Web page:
The most famous poisoning case involved the Ukrainian opposition leader (now president) Viktor Yushchenko. A few months before the presidential election in 2004 he was hospitalised suffering stomach pains. Soon his face began to change, and a mask of lesions and blisters disfigured the Ukrainian politician’s previously youthful looks. Numerous examinations held by laboratories in the Britain, Austria, the Netherlands and Germany confirmed that Yushchenko was poisoned purposely by a poisonous substance called dioxine.
In April 2002 the Russian secret services used a poison in order to liquidate one of the most dangerous Chechen warlords, Omar ibn-Khattab. He died within five minutes after opening a letter said to be written by his mother. It was delivered by a Chechen fighter recruited by the Russian secret services as their agent.
Events in Moscow’s Dubrovka theatre in October 2002, when 900 spectators were taken hostage by Chechen fighters, further demonstrate how much the Russian secret services are fond of employing poison-gas substances. After getting inside the building, members of the special forces used an unidentified narcotic gas to subdue the terrorists. But it affected hostages too. 129 of them died, all but two from the adverse effects of the gas.
The toxic trail
The case of Alexander Litvinenko, the former secret service (FSB) agent now in a London hospital after being poisoned in a restaurant with a dose of the metal thallium, is no different. Before and after his flight to London, the colonel had made enemies in the Russian government and intelligence services.
At first he accused his bosses of organising an attempt to kill émigré businessman Boris Berezovsky, himself a strong critic of president Putin. Litvinenko’s book on the mysterious explosions of apartment blocks in Moscow and other cities in September 1999 which killed more than 300 people angered his enemies even more. Litvinenko had no doubts that the explosions – which helped propel Russia into its second Chechen war, and were followed a year later by the election of Vladimir Putin to the presidency – were organised by the FSB to convince public opinion that war was essential to curb Chechen terrorism.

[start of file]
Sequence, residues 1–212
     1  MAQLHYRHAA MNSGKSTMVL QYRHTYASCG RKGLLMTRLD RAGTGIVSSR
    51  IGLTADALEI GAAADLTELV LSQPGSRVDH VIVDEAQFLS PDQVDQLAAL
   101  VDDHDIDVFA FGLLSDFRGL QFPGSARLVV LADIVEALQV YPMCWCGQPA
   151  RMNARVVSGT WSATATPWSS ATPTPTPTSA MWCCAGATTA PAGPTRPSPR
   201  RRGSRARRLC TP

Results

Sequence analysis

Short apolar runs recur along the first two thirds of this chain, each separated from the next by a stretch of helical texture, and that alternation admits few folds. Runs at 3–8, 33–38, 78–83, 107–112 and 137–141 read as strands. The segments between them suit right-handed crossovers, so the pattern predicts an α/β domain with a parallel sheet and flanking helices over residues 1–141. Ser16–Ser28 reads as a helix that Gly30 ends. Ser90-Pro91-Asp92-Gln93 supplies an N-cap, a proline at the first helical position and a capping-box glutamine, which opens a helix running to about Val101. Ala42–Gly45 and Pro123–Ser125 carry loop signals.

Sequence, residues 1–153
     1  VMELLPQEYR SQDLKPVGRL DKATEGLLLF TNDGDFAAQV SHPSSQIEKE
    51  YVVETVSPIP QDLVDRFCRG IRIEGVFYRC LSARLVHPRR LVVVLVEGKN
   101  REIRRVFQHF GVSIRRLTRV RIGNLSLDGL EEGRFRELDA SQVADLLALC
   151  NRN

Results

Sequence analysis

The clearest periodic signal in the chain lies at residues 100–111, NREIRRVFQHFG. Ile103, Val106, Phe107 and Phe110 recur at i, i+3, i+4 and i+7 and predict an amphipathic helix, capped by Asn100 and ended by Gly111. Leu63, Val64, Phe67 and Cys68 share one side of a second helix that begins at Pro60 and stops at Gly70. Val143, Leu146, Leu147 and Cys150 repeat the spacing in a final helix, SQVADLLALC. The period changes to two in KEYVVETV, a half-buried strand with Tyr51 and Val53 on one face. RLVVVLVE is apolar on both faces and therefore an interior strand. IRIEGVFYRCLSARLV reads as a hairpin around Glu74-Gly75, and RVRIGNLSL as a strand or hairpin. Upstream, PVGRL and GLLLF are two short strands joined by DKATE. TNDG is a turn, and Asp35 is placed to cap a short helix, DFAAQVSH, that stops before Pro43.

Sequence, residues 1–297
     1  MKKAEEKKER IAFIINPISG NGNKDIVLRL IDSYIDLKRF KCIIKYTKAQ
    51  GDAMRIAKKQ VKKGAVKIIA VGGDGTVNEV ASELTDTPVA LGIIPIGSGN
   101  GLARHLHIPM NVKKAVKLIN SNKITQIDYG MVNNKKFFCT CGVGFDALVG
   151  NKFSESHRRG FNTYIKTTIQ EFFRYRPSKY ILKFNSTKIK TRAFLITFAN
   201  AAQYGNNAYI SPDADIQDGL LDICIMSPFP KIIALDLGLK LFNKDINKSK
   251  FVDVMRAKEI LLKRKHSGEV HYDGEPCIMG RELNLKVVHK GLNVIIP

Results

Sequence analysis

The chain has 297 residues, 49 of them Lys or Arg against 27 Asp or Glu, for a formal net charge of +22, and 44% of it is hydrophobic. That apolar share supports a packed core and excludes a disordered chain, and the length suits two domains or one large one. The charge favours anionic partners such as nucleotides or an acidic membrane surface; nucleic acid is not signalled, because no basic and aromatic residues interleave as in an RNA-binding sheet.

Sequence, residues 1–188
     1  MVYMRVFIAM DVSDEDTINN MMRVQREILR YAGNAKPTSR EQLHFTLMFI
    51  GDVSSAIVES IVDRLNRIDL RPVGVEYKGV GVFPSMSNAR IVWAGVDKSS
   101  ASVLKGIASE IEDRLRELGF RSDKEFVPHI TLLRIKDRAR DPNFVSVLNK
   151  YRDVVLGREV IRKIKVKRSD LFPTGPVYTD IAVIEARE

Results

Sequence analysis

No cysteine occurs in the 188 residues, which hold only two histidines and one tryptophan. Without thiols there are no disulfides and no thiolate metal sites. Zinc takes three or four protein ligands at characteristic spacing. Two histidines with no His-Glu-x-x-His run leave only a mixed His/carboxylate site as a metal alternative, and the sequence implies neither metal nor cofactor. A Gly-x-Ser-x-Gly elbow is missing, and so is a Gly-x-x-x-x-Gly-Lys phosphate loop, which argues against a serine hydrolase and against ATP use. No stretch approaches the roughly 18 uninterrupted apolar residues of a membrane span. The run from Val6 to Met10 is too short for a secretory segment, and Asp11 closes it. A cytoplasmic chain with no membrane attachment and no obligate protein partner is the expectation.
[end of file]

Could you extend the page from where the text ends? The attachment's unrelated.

The Kremlin’s allies in Moscow deny that the FSB could be involved in an attempt to poison Litvinenko with thalium. In their view the incident helps Boris Berezovsky, who will now use it in his propaganda campaign against the Kremlin. Gennadi Gudkov, a Duma member and retired KGB colonel, acidly praised Berezovsky’s talent as a director of theatrical spectaculars.
But Kremlin critics such as Sergei Kovalev, or former Yukos executive and KGB general Alexei Kondaurov, do not exclude anothrer possibility: that former colleagues of Alexander Litvinenko had themselves had enough of his criticism and activities.
As with so many elements in the melancholy trail of Russian deaths in the last sixteen years, the truth will be hard to find. But the method, the symptoms, and the mysterious circumstances in which a poison was used in London all indicate that the tradition of Dr Mairanovski’s laboratory has not been forgotten.
This article by Zygmunt Dzieciolowski was originally published on openDemocracy.net under a Creative Commons Licence. If you enjoyed this article, visit openDemocracy.net for more.